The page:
Sometimes innovation takes time. The screening industry is no exception. The EBI Screening News Weekly Wrap presented by Jennifer Gladstone has three stories years in the making but whose ripple effects are already flooding HR departments across the nation.
A recently settled long-running race discrimination lawsuit is a strong reminder that employers need to carefully examine how they analyze an applicant’s criminal history. When used improperly during the decision-making process, so-called “green factors” could indicate racial bias or other discriminatory practices. More on “green factors” coming up… but let’s back up and examine the case, the settlement, and steps you can take to avoid a similar lawsuit.
Eight years ago, the U.S. Equal Employment Opportunity Commission (EEOC) invited Dollar General to discuss the discount retailer’s hiring policies and potentially unlawful practices. The EEOC said the illegal hiring practices dated back to 2004. Dollar General did not take the EEOC up on its offer.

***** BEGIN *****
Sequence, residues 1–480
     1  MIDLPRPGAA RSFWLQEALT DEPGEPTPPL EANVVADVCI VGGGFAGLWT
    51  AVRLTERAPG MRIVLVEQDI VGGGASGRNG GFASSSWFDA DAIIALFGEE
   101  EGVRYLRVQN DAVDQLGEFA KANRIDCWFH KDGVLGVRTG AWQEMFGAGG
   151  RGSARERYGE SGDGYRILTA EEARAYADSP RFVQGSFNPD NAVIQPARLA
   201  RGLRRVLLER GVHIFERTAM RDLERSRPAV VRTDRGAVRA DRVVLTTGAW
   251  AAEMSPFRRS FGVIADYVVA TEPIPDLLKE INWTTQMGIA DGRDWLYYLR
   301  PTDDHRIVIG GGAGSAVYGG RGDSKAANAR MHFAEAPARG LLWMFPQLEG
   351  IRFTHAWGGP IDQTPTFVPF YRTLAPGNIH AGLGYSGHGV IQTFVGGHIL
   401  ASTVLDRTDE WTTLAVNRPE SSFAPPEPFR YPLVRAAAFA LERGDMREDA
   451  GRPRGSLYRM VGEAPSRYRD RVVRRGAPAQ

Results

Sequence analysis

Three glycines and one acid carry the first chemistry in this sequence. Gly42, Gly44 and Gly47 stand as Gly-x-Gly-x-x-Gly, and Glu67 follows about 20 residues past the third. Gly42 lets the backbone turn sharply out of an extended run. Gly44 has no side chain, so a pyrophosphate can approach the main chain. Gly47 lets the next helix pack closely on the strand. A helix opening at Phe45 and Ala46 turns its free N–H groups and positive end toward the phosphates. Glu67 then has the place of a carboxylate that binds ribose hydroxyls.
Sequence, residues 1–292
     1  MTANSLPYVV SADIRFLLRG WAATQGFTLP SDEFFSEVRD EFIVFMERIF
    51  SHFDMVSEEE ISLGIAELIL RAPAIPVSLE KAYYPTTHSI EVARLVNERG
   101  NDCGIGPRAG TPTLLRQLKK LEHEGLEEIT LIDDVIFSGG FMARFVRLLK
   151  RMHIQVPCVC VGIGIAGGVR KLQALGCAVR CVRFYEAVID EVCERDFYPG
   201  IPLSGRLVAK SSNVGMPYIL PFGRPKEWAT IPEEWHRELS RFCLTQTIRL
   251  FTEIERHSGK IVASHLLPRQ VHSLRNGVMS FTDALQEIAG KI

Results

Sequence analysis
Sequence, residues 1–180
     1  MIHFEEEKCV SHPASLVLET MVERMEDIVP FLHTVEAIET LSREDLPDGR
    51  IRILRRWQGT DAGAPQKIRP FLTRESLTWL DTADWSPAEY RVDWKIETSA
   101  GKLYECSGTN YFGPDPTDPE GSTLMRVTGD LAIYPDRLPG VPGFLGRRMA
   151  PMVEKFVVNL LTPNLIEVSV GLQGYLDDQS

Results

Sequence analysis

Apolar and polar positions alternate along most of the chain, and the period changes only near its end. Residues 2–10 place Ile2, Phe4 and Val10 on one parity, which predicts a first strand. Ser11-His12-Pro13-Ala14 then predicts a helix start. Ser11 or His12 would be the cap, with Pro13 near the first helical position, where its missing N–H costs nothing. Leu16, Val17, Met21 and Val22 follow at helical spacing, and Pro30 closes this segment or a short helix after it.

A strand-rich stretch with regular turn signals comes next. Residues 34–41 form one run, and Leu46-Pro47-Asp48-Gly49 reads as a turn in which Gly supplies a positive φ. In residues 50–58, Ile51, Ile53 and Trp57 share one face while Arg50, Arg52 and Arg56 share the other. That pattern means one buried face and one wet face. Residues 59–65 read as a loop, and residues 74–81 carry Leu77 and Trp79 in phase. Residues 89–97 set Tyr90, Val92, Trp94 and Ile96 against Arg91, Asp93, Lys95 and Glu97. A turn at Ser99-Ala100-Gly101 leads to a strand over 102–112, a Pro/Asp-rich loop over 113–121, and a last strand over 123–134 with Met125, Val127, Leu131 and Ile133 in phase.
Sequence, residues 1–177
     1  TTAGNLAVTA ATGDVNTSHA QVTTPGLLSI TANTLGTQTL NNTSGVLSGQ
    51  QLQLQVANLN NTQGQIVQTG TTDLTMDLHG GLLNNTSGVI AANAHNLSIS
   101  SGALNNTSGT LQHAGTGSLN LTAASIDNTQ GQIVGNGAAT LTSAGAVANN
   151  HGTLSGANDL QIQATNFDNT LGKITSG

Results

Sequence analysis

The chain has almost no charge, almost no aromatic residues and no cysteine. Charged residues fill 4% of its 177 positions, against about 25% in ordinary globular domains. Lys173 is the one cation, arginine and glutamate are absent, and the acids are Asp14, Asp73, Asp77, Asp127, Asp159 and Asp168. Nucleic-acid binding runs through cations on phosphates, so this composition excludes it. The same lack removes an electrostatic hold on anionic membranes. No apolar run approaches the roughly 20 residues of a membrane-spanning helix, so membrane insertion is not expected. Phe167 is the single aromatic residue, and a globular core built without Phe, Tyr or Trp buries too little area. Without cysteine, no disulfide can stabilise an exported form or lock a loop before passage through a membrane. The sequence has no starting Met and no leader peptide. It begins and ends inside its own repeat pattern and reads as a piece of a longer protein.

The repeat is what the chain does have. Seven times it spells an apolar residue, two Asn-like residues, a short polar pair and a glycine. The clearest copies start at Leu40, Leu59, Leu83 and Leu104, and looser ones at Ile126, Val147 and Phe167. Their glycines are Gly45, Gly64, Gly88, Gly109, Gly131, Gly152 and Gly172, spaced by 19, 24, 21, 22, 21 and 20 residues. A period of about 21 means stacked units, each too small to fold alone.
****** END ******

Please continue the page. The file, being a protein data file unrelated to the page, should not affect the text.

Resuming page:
So, two years later in 2013 the EEOC filed a lawsuit against Dollar General alleging its background check policy discriminated against black applicants. Specifically, the EEOC said the process Dollar General used to weigh an applicant’s criminal history had a disparate impact on black applicants.
The lawsuit said Dollar General failed to consider “green factors” such as the applicant’s age at the time of the offense, the gravity of the crime in question, and if there was anything about that crime that would impact the job they were applying for.
Dollar General fought the lawsuit for six years saying the EEOC hadn’t given the retailer enough time to improve its practices.